Why Microsoft wants TikTok and how the U.S. government feels about that
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It’s been a rough couple of days for Chinese social media company TikTok.
Here’s a recap of the drama: Microsoft has been in talks to acquire TikTok in the United States, Canada, Australia and New Zealand. President Donald Trump announced Friday he would ban TikTok over security concerns.
And, in a quick reversal Monday, Trump gave Microsoft the green light.
As the kids say: “What’s the beef?”
TikTok is the wildly popular social media platform where users upload snappy videos, like this one of singer Jennifer Lopez dancing.
It’s been viewed almost 2 million times. In the U.S. alone, TikTok says it has over 100 million users.
“During the pandemic, the numbers associated with people flocking to TikTok and utilizing the app have just grown exponentially,” said Ari Lightman, a professor of digital media at Carnegie Mellon University. “We haven’t seen this kind of growth since Facebook.”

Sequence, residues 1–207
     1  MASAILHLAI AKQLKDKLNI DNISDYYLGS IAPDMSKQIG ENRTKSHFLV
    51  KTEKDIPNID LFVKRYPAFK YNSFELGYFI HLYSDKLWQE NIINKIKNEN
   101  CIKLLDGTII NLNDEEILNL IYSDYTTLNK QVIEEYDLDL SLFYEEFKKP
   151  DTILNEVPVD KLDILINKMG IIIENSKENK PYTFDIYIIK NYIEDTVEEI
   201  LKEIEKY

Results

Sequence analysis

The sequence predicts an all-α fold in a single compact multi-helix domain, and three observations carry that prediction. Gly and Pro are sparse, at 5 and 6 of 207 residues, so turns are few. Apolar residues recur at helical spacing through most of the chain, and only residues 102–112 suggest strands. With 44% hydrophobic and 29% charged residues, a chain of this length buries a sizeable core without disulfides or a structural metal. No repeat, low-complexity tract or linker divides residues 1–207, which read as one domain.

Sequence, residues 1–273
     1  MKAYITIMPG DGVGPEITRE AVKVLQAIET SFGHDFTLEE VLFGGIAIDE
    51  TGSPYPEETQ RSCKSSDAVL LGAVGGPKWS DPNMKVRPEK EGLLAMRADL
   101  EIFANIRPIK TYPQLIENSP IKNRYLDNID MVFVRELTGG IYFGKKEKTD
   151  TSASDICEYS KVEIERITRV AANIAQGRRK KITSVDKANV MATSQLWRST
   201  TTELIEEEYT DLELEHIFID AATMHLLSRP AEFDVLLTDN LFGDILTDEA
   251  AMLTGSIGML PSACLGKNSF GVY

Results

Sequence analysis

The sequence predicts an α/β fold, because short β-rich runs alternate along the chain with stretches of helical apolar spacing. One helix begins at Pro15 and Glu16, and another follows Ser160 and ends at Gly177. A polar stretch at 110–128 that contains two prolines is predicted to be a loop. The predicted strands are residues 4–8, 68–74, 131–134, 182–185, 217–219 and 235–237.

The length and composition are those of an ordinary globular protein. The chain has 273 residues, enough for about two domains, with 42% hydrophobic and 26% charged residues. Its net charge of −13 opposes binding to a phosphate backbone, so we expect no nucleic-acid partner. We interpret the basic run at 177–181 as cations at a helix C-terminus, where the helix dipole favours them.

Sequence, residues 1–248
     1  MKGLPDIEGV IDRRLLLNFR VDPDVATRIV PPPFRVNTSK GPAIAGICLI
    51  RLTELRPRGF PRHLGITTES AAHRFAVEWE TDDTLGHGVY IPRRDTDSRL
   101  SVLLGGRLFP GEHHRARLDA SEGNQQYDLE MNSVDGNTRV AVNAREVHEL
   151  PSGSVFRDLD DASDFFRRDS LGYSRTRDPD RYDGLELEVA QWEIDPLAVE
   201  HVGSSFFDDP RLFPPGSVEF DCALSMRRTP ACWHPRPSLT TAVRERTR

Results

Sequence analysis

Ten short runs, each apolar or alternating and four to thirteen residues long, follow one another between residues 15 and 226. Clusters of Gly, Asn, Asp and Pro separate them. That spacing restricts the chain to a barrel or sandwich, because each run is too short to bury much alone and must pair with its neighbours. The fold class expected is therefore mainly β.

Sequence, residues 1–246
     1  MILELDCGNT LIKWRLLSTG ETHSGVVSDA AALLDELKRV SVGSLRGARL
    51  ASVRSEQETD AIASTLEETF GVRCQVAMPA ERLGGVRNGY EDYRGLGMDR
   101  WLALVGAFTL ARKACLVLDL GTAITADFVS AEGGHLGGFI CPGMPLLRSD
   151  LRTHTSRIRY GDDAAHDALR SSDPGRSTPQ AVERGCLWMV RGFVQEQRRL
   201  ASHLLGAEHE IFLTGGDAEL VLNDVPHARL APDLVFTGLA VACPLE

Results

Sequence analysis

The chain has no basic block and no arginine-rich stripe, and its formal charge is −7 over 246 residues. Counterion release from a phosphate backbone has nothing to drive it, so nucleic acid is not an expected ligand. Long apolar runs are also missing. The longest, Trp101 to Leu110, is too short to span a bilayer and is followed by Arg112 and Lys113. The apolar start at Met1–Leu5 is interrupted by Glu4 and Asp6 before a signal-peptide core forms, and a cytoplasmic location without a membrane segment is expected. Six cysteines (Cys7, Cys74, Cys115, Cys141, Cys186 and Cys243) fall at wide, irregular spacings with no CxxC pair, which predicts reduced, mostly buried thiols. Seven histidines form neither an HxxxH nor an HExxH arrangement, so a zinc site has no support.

In the tech world, Microsoft is seen as the serious company that does grown-up stuff, like office software, Skype and LinkedIn. Which is why when e-marketer analyst Debra Aho Williamson heard it wanted to purchase TikTok, “I was like, ‘What? Microsoft and TikTok?'”
“Facebook maybe would be a better fit, but because there are so many antitrust concerns, it’s not really possible for a company like Facebook to acquire it,” she continued.
But now, with the administration’s blessing, Microsoft can. TikTok could place Microsoft in the big social media leagues, with the likes of Facebook and YouTube.
So what’s with Trump’s change of heart? Cornell University professor George Alan Hay said banning TikTok would’ve been a bad move.
“Some young people are actually voters, and they really enjoy TikTok,” he said. “The idea that they can’t see it because he’s banned it would not resonate well with them as voters.”
Microsoft has said it expects to continue discussions until Sept. 15 — plenty of time to upload your latest dance videos.
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